Given that the vulnerabilities remained unpatched and the company is not responding to the disclosure, it is advised that devices using Xiongmai software are replaced. If the replacement of these devices is not possible, then it is best to restrict network access to these devices to only trusted users. Ports involved in this vulnerability are 23/tcp, 9530/tcp and 9527/tcp, and they should be blocked from external access.

What is the difference between Authentication and Authorisation?

If you have been working as a member of the tech community (System Administrator, Software Engineer, etc.), you might have heard of the terms Authentication and Authorisation. Even though they are often used together when the security of a computer system or application is involved, they are two completely different security processes.

What is Authentication?

Authentication in the security context refers to the act or process that validates if a user of a software, computer or system is who they claim to be. The most common way to do this via the use of a password. If the user enters the correct password, the system assumes the identity is valid and allows access.

The use of password-based authentication is also known as single-factor authentication.

However, it is no longer sufficient to rely on password alone to validate a user’s identity in recent times. Improvements in computer performance have led to the reduction in the time needed to brute force a password (or in layman terms, trying out every combination of letters, numbers and symbols) and gain access into a system. Furthermore, it is human nature to use something short and/or familiar such as birthdays, social security numbers, national identity numbers and names as passwords.

In order to increase the level of security of a system, multi-factor authentication is becoming a norm and highly recommended for systems that process sensitive information.

Two-factor authentication is one of the more common multi-factor authentication scheme employed by companies such as Apple, Google and Microsoft. Under this scheme, the following two factors are commonly used for authentication:

  1. Something that you know (e.g. password)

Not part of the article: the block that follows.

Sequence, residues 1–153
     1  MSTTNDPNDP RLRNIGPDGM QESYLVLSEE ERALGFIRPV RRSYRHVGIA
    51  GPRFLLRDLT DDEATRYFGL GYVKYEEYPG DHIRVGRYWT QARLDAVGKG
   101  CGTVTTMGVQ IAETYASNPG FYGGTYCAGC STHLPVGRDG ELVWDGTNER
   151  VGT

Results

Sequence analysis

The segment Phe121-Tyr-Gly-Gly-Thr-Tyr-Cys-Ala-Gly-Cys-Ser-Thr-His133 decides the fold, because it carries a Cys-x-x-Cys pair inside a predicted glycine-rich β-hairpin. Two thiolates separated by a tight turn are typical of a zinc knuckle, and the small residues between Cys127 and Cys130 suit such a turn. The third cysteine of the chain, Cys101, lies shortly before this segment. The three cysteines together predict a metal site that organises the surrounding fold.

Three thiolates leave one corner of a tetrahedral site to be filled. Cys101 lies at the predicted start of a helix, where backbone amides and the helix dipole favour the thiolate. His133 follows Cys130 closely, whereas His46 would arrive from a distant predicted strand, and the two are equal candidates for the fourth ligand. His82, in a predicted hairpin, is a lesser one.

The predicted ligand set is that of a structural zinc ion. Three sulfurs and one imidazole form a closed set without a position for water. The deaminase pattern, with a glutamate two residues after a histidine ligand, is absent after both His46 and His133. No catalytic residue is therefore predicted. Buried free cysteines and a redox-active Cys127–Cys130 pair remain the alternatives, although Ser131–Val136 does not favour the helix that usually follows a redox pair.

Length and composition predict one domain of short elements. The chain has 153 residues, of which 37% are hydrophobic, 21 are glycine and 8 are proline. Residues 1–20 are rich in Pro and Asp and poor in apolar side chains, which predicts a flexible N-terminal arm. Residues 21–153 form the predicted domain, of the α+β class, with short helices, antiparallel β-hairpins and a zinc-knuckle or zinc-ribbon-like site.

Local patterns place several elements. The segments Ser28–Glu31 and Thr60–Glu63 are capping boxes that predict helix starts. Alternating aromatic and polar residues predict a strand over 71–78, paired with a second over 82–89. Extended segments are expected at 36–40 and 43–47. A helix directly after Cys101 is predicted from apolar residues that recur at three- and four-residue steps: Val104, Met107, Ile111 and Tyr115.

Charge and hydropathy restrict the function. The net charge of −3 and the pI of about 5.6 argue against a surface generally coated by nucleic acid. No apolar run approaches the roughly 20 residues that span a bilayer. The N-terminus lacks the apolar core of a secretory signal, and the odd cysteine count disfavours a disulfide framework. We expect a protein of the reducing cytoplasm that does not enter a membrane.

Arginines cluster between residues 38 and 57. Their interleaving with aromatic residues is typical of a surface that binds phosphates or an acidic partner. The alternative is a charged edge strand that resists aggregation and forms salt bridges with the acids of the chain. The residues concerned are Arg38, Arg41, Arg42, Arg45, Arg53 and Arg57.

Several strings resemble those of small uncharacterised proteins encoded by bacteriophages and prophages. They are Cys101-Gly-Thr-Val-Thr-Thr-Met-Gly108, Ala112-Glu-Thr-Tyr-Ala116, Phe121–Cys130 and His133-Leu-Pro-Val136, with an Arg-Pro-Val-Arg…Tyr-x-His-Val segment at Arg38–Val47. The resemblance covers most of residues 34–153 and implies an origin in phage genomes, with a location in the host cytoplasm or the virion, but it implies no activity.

2. Something you own (e.g. smart card, smart phone)

This is based on the premise that even if some malicious actors manage to get a hold of a password to a system, they remain unable to log into a system because they do not have access to a registered hardware such as a smart card, security token or smart phone to further prove they are a valid user.

What is Authorisation?

Authorisation takes place after the user has verified their identity. It refers to the act or process that verifies if the authenticated user has the rights or permission to access or use a particular resource. In this context, a resource can refer to a file, a folder, a particular room within a building or an area.

The most common implementation of authorisation is role-based access control (RBAC). It is based on the premise that different users have different roles to play in a given organisation. Their roles ultimately determine the type of information they can access and the amount of responsibility they have.

However, RBAC may not be fine-grain enough to control access to specific resources—a role typically comes with a set of permissions. This is where attribute-based access control (ABAC) comes into the picture. In addition to using the roles and groups a user belongs in to determine the access, additional attributes such as a user’s citizenship, the action performed or the time at which the access is requested can be used to control access.

Conclusion

Both authentication and authorisation are fundamentals of system/information security. Without them or when they are implemented poorly, malicious actors could gain access to the system and extract sensitive information such as personal information and company secrets easily. Then, these actors could use what they acquired to mount further attacks that could include identity fraud or helping the competitors of a business to gain an edge. Even if the attacks do not come from outside the organisation, employees within could accidentally or intentionally access or change information that they are not permitted to.